Thursday 3 May 2018

Some Thoughts on Cliffhangers

The cliffhanger used to be a staple of story-telling.  Scheherazade used them to extend her life for a 1001 days.  The term "cliffhanger" comes from the old serial adventure films, which often ended with the heroes hanging off an actual cliff, the villain about to succeed, and the admonition to "Tune in next week!" to find out what happened.

I'm sure he'll be fine.
Today, though, they're not as popular, at least not on the audience side.  It can be incredibly frustrating to see To Be Continued... crawl across the screen when it's not expected.  Or to get to the last page and still not know who the Big Bad is, or what their plan is, or how our heroes are going to thwart it.

The issue goes back to story structure.  Regardless of whether one uses a three act structure, a five act structure or the 22 plot points of the Hero's Journey, a resolution is always the last step.  It's not always in the heroes' favour but it is an ending, one way or another.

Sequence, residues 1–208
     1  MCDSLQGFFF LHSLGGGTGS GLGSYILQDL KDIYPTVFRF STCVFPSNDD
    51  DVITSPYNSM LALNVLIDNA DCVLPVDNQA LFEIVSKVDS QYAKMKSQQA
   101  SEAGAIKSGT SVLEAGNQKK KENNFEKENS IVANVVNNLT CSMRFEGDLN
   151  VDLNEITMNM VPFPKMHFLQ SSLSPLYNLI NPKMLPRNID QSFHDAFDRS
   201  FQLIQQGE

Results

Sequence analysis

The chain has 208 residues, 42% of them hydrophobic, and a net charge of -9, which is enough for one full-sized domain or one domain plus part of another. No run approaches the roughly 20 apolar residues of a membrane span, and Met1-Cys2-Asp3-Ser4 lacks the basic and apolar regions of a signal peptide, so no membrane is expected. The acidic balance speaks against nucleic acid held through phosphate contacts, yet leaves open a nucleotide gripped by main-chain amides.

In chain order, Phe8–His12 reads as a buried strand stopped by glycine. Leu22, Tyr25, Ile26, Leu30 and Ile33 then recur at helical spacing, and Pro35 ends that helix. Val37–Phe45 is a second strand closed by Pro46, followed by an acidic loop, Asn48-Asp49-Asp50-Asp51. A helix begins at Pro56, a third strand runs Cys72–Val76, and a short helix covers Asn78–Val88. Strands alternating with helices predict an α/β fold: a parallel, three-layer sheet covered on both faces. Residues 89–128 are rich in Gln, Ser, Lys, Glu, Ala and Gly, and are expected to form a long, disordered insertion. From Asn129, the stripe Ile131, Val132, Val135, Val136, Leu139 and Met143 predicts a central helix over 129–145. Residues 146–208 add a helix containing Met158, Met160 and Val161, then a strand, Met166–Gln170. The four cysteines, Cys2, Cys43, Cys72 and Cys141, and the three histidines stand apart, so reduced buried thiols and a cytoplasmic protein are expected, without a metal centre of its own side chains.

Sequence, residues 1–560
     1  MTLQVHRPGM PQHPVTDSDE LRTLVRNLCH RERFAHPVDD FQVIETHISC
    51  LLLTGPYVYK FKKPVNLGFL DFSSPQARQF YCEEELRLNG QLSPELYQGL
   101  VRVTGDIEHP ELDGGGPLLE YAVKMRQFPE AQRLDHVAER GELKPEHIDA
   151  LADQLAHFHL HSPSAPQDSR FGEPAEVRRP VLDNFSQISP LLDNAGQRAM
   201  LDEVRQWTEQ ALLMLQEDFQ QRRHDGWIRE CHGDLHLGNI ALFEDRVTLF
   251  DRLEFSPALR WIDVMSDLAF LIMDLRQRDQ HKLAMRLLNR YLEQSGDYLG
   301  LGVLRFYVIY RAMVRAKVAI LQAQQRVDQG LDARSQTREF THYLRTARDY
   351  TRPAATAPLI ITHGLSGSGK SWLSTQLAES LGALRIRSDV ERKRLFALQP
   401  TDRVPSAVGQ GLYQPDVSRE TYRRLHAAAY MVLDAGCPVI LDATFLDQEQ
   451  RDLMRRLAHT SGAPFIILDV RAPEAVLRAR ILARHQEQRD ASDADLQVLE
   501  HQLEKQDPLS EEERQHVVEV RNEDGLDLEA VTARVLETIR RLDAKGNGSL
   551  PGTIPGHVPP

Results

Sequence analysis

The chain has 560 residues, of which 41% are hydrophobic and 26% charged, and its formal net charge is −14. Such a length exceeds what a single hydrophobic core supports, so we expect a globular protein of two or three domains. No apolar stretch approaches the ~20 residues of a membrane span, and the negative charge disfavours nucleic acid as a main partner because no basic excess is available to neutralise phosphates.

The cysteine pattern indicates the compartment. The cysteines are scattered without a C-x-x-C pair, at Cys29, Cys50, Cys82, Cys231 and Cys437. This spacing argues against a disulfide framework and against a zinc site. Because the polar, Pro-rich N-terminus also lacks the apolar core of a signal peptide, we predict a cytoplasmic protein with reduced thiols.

There are points where I feel that cliffhangers are acceptable.  Some stories are too big to be told within typical page or time limits.  Dividing them into several parts is a valid choice but it's a challenge to make sure that the audience is satisfied at the end of each installment.  And it's critical that the audience knows that the story is ongoing.

I am not a fan of the start-on-a-cliffhanger technique, where the audience is shown the heroes in peril or doing something uncharacteristic, and then we flash back to "Two days earlier" and the creator shows how they got to that point.  It invariably feels like a cheap tactic to generate tension.  It's not even a particularly effective tactic since it's been used so many times. 

If an audience thinks the creator is stringing them along in order extort more sales, they will be rightfully furious.  It's a fine line between a hook and a cliffhanger, and it's mostly in the audience's perception.

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